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Thomas Thompson, An Individual v. Avigators Insurance Company

March 28, 2012

THOMAS THOMPSON, AN INDIVIDUAL PLAINTIFF,
v.
AVIGATORS INSURANCE COMPANY, AND DOES 1 THROUGH 20 INCLUSIVE DEFENDANTS.



The opinion of the court was delivered by: T. Miller Jefffrey United States District Judge

JM

ORDER DENYING MOTION TO DISMISS Docket No. 7

This case arises from an insurance coverage dispute between Navigators Insurance Company ("Navigators"), Thompson Builders, Inc. ("TBI"), and Thomas Thompson ("Thompson"). Navigators originally filed suit in February 2011 seeking rescission of the insurance policy they issued to TBI because of alleged misrepresentations made by TBI when applying for the policy (Case No. 11-cv-381, referred to as "Case #1"). In October of 2011, TBI and Thomas Thompson (who was not a named party in Case #1) filed a procedurally deficient counterclaim. Four days later, Thompson filed a separate suit against Navigators based on the same set of events (Case No. 11-cv-2509, "Case #2"). Navigators moved to dismiss the counterclaim in Case #1 and the complaint in Case #2. The court granted the first motion to dismiss due to non-opposition, but required further briefing on the motion in Case #2. The court now DENIES Navigators' motion to dismiss.

I. BACKGROUND

A. Underlying Facts

According to Navigators' complaint in Case #1, TBI submitted an application for commercial general liability insurance on December 1, 2009. Nav. Compl. ¶ 8. At some point on or around December 14, 2009, TBI began working on a project with Vanderbuilt Construction "to provide roofing demolition services on a commercial structure located in National City, California, that had been damaged by fire." ¶ 22. One of Vanderbuilt's employees, Colin Butler, was injured when he fell through a hole in the roof. Butler is seeking damages in state court from both TBI and Thompson based on his injury ("Butler case" or "Butler litigation").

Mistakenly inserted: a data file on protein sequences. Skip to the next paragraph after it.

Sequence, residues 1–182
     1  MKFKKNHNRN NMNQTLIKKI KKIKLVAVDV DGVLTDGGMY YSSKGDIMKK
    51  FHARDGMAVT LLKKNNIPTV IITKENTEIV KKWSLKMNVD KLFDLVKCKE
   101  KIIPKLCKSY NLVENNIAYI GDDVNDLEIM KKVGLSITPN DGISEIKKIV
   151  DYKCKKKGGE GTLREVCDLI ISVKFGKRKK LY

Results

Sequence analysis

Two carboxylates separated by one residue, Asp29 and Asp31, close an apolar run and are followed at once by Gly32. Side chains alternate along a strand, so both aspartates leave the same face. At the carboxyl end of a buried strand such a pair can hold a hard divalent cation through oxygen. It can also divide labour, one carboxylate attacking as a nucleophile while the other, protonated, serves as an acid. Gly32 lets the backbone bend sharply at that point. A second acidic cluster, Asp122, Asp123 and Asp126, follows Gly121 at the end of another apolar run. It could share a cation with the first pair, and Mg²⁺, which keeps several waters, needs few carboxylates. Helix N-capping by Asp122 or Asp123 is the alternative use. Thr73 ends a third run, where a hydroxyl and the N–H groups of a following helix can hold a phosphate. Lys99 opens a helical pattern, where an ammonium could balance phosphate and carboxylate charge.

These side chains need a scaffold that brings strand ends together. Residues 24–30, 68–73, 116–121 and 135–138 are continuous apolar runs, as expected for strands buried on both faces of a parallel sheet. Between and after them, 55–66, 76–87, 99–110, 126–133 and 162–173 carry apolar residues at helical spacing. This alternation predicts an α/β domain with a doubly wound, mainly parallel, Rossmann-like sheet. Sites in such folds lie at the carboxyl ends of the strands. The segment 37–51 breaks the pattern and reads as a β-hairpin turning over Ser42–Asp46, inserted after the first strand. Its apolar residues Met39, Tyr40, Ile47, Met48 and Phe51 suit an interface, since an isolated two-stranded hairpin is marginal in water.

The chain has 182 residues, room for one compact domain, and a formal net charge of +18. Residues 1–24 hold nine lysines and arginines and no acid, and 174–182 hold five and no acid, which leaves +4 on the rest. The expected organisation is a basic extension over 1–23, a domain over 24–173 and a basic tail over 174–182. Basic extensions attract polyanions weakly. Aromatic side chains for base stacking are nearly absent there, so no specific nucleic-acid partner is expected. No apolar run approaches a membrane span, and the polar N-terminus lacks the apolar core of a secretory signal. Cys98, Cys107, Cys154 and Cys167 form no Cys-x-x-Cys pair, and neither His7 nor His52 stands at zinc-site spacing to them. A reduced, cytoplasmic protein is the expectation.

B. Procedural History of Both Cases

Navigators' complaint seeks rescission of the insurance policy based on misrepresentations allegedly made by TBI in its application for the policy. First, the completed application stated that 100% of its work was on residential property. Second, it stated that no applicant acted in the capacity of a General Contractor, Builder, Construction Manager, Project Manager or Developer. Third, it represented that TBI had not performed any repair of fire damage in the past five years and that there were no plans to do so in the next year. Finally, TBI stated that it had not performed any roofing or demolition projects in the past ten years, nor did it plan to perform any in the future. ¶¶ 10-13.

Based on its belief that these misrepresentations can be the basis for rescission of the policy, Navigators' complaint includes causes of action for both negligent and intentional misrepresentation and seeks declaratory relief stating that Navigators has no duty to defend or indemnify TBI in the Butler litigation. TBI filed an answer on April 14, 2011. On May 26, the court issued a scheduling order stating that any motion to amend the pleadings should be filed and heard on or before October 24, 2011. Without seeking leave to amend, TBI filed a counterclaim against Navigators and also purported to add Thomas Thompson as a counterclaimant. Navigators moved to dismiss, pointing out the impropriety and untimeliness of the counterclaim.

Case #2 was filed by Thomas Thompson against Navigators on October 28, 2011, four days after TBI was notified of the procedural problems associated with its counterclaims. Thompson's complaint alleges that he was an insured under the policy while acting as an officer, director, and shareholder of TBI. The complaint lists causes of action for breach of the duty of good faith and fair dealing and for breach of contract based on Navigators' failure to provide defense and indemnity in the Butler case and on Navigators' refusal to make payments on the insurance policy.

II. LEGAL STANDARD AND DISCUSSION

On a motion to dismiss under Fed. R. Civ. P. 12(b)(6), the court examines the legal sufficiency of the pleadings. De La Cruz v. Tormey, 582 F.2d 45, 48 (9th Cir. 1978). The Supreme Court has held that in order to survive a 12(b)(6) motion, "[f]actual allegations must be enough to raise a right to relief above the speculative level." Bell Atl. Corp. v. Twombly, 550 U.S. 544, 555 (2007).

Navigators does not seek dismissal based on general insufficiency of the facts pled in Thompson's complaint, but instead argues that (1) Thompson cannot bring an individual claim for coverage under the policy at all, and (2) Thompson's complaint is procedurally ...


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